OAKLAND, JULY 14 -- He didn't play a single spring training game, his name wasn't on the all-star ballot, and he certainly wasn't expected to turn a rough winter into such a smooth season.

But when Tim Raines returned to the Montreal Expos' lineup on May 6, he needed about 15 minutes to go from outcast to all-star.

Tonight, he demonstrated again that he's all the way back, producing three hits, including a game-winning triple in the 13th inning, to lead the National League to a 2-0 victory.

"As far as thrills, I think this ranks right up there," he said tonight, holding the MVP Trophy. "I won't say it's the tops, but winning the award is definitely one of the highlights of my career."

Raines ended up missing a month of the regular season after filing for free agency last winter and not getting a legitimate offer, despite leading the NL with a .334 batting average in 1986.

He re-signed with the Expos on May 1 -- the first day he was eligible to return to his former team -- and he looked as if he hadn't missed a day. Of the five free agents who rejoined their former teams in early May, he was the only serious contender for the All-Star Game.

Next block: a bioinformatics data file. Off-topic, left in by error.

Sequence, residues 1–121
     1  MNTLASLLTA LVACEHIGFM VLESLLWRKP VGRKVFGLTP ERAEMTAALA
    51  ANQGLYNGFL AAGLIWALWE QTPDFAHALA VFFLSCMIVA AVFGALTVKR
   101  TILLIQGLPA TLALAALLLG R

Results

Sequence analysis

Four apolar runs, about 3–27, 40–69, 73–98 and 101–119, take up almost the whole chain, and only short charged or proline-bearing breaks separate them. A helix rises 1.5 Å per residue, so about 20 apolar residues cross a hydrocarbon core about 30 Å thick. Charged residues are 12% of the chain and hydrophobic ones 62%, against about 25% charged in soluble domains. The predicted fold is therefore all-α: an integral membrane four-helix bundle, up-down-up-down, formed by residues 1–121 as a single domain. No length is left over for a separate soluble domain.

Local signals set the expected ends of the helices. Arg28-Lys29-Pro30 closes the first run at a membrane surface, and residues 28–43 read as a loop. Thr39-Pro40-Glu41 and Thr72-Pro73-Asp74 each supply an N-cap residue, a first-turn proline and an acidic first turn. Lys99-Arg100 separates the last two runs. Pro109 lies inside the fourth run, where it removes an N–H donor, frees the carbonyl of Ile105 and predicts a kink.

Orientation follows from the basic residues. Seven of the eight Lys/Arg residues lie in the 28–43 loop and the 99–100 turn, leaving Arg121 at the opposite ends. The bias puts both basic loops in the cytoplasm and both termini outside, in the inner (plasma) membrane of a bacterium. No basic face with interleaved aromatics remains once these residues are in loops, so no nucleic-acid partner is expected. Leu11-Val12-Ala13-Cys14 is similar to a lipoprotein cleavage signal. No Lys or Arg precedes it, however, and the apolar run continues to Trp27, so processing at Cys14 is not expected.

In 63 games, he hit .309 with seven home runs, 37 RBI and 25 stolen bases.

"I didn't feel I had anything to prove when I came back," he said tonight. "I felt I'd already proved myself on the field, no matter what I did. I think people recognized that."

He went three for three tonight, and NL Manager Davey Johnson said, "He's a fine player. If I'd had him in the game sooner, it might have been over sooner."

Raines nearly had given the NL an victory in the ninth. He singled with one out, stole second and went to third on Mark McGwire's throwing error.

But with one out, Juan Samuel hit a fly to shallow right. Raines didn't challenge Dwight Evans arm.

"I thought about it," he said, "but it was just not hit deep enough. There was only one out, so it wasn't worth the game. I know Dwight has a great arm."

But in the 13, with two runners on base, Oakland right-hander Jay Howell fell behind 2-0 and threw him a fastball down the middle.

"I was looking fastball because he was behind in the count," Raines said.

Asked what he'd been thinking, he said, "When I went to the on-deck circle, I knew I'd get a chance to hit. I know Willie McGee {the preceding hitter} wouldn't hit into a double play. The only thing I was thinking was of trying to make good contract. I wanted to hit something hard."